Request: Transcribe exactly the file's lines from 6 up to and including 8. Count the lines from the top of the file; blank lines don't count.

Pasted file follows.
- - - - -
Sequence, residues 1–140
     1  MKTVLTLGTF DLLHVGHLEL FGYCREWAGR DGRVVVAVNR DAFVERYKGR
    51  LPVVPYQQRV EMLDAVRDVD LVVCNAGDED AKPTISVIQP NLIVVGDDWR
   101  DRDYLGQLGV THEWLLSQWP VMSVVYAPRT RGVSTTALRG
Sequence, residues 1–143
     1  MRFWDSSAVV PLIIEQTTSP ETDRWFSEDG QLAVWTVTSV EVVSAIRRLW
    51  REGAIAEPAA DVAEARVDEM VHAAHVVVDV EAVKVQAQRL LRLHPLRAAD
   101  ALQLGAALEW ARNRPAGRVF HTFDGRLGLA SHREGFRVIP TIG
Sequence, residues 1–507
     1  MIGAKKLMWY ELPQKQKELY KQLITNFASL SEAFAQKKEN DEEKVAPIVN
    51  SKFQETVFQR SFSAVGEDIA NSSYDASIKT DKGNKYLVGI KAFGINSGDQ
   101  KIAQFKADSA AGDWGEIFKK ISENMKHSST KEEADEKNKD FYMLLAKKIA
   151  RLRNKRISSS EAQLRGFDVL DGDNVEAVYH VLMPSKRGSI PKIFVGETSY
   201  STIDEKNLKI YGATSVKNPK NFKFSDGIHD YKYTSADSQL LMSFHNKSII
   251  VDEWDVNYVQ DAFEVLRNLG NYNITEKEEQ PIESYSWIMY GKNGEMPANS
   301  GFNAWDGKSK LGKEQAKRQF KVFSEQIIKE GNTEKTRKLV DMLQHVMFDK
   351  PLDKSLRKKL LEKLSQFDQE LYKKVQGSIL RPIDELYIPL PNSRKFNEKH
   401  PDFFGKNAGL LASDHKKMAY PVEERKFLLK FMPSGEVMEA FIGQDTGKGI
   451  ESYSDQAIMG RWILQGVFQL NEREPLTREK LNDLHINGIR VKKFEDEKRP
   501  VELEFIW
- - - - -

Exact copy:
     1  MRFWDSSAVV PLIIEQTTSP ETDRWFSEDG QLAVWTVTSV EVVSAIRRLW
    51  REGAIAEPAA DVAEARVDEM VHAAHVVVDV EAVKVQAQRL LRLHPLRAAD
   101  ALQLGAALEW ARNRPAGRVF HTFDGRLGLA SHREGFRVIP TIG